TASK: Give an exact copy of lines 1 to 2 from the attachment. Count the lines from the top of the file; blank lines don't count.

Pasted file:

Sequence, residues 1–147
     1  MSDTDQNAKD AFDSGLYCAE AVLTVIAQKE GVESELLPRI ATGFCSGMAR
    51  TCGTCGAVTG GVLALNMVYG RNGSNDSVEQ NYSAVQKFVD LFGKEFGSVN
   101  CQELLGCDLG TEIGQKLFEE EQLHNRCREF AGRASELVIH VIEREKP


Sequence, residues 1–147
     1  MSDTDQNAKD AFDSGLYCAE AVLTVIAQKE GVESELLPRI ATGFCSGMAR